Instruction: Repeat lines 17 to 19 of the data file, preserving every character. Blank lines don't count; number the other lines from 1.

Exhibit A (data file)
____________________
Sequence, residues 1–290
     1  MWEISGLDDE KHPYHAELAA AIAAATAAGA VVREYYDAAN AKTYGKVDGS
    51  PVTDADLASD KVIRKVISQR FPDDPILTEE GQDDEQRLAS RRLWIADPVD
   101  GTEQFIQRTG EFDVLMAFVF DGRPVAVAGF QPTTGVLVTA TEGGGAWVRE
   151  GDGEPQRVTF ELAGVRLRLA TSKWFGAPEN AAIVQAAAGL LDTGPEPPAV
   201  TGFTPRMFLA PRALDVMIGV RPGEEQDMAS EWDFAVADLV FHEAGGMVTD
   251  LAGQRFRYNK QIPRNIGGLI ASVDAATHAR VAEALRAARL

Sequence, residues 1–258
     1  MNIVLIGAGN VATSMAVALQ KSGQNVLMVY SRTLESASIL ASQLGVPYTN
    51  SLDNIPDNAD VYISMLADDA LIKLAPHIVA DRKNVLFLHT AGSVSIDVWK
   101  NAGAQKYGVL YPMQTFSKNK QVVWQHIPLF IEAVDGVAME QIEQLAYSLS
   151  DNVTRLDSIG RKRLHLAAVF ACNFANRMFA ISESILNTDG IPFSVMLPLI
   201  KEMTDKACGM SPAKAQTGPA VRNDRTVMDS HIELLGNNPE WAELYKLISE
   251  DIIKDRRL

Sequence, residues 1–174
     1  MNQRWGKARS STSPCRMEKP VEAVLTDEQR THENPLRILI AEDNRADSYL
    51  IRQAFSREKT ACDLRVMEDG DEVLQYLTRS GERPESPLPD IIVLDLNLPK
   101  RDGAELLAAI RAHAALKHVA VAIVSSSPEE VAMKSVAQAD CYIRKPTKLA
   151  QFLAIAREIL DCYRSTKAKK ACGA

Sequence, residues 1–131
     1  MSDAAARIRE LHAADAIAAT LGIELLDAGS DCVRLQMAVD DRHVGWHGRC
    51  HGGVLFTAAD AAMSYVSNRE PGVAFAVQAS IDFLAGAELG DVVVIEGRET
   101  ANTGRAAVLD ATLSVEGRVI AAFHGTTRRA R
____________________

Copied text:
    51  IRQAFSREKT ACDLRVMEDG DEVLQYLTRS GERPESPLPD IIVLDLNLPK
   101  RDGAELLAAI RAHAALKHVA VAIVSSSPEE VAMKSVAQAD CYIRKPTKLA
   151  QFLAIAREIL DCYRSTKAKK ACGA